David Barboza, a New York Times correspondent based in Shanghai, shared his personal experiences and insights about China and the role the media plays in the relationship in an informal, off-the-record roundtable discussion hosted by the National Committee on October 22.

With today’s technology and numerous domestic Chinese news outlets, journalists from other countries have ready access to news that takes place in the major Chinese cities; getting news from and about the interior of China is often more difficult. The real challenge is finding stories that are both relevant and will have an impact on readers. How stories about China are covered, why they are covered, and how coverage could be improved are important questions for journalists as they strive to keep readers up-to-date. Mr. Barboza is clearly committed to asking such questions and seeking feedback from readers about the answers.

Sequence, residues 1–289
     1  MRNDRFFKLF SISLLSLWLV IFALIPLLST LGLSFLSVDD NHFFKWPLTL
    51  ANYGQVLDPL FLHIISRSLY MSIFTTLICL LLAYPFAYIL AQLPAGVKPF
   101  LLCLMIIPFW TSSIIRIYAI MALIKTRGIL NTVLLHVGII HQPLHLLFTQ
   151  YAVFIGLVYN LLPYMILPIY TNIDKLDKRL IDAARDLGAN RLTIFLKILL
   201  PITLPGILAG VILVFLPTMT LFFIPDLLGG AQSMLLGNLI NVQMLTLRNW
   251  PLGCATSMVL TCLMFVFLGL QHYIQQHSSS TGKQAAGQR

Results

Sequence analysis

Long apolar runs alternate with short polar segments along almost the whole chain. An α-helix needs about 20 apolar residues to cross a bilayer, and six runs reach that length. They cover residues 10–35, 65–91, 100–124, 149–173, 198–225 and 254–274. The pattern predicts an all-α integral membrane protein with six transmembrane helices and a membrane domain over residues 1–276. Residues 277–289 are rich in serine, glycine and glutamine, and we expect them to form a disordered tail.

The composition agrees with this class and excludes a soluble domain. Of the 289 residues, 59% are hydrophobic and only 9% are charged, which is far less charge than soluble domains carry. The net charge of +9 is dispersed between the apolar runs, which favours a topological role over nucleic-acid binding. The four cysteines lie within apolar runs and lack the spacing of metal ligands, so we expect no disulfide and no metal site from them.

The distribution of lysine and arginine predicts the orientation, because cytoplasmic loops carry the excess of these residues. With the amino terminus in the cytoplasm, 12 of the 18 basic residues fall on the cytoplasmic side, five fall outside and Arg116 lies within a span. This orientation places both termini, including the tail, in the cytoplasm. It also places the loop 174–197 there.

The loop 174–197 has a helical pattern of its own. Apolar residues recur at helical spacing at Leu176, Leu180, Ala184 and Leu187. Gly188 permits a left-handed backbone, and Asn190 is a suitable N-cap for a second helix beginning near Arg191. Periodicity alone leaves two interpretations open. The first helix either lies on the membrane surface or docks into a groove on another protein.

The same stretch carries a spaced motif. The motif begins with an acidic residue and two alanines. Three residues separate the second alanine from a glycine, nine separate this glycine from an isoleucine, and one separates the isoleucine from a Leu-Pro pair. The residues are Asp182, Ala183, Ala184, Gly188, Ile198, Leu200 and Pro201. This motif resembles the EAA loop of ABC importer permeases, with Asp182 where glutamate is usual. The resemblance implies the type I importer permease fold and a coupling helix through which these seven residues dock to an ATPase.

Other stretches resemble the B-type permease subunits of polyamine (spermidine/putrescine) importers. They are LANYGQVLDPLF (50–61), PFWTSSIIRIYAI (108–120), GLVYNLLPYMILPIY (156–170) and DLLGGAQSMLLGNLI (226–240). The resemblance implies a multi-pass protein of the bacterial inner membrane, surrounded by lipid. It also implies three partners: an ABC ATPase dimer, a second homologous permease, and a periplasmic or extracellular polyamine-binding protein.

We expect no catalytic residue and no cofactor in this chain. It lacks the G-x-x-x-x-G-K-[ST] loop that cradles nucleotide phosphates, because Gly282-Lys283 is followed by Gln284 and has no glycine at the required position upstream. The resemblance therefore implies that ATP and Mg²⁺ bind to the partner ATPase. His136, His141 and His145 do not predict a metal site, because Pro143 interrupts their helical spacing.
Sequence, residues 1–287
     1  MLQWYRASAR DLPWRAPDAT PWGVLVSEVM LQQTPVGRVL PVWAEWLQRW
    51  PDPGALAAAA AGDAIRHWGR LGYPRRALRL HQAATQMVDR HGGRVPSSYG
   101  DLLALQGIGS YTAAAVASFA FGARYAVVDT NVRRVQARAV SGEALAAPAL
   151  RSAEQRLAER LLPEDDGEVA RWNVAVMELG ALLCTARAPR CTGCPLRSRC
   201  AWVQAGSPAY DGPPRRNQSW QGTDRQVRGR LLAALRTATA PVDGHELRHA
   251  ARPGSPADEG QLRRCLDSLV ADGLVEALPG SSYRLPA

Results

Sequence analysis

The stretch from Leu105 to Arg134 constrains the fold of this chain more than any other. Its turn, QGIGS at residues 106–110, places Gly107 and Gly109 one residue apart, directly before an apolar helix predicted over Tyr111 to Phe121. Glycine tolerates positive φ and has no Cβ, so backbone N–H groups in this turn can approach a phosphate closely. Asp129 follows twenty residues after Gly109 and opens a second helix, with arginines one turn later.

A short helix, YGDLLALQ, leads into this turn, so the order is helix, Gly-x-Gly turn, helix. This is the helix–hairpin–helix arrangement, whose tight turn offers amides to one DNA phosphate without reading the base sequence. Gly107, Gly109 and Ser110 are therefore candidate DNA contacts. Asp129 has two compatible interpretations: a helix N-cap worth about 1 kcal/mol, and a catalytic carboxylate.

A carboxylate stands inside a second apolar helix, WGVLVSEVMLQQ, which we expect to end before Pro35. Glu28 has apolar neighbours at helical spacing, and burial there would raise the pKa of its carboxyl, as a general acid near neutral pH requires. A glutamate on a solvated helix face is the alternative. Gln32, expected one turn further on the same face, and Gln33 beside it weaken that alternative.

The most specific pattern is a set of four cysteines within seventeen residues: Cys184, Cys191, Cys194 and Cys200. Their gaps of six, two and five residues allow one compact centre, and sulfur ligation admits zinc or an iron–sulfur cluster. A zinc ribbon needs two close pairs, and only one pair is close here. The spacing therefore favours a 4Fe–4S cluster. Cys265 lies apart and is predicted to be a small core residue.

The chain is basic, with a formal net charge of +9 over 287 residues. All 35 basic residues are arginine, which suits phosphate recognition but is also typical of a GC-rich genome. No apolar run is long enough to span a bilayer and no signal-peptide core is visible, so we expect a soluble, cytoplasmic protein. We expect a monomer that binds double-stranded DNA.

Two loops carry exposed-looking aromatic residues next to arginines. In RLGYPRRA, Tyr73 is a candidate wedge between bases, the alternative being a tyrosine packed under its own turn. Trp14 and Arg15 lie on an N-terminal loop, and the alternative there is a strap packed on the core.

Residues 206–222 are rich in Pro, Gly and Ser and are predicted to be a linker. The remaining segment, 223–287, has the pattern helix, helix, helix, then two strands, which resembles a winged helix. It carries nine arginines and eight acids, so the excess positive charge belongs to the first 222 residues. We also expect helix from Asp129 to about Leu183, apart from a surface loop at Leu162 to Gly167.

Mr. Barboza has been based in Shanghai since 2004, writing primarily for the business section; he also writes about art, dance, film, and television in China for the Times. Prior to his stint in China, he worked in the paper’s Chicago bureau.

Mr. Barboza has received many awards for excellence in journalism. In 2002, he was part of a team that was named a finalist for the Pulitzer Prize, and in 2005, he was awarded the Gerald Loeb Award for Deadline Writing for his coverage of Lenovo's acquisition of IBM's PC business. He also won the Hugo Shong Journalist of the Year Award for Reporting on Asia, presented by Boston University’s College of Communications in 2006. Last year, he won the Times’ internal business writing award, the Nathaniel Nash Award.

Thursday, October 22, 2009
8:00 PM EDT

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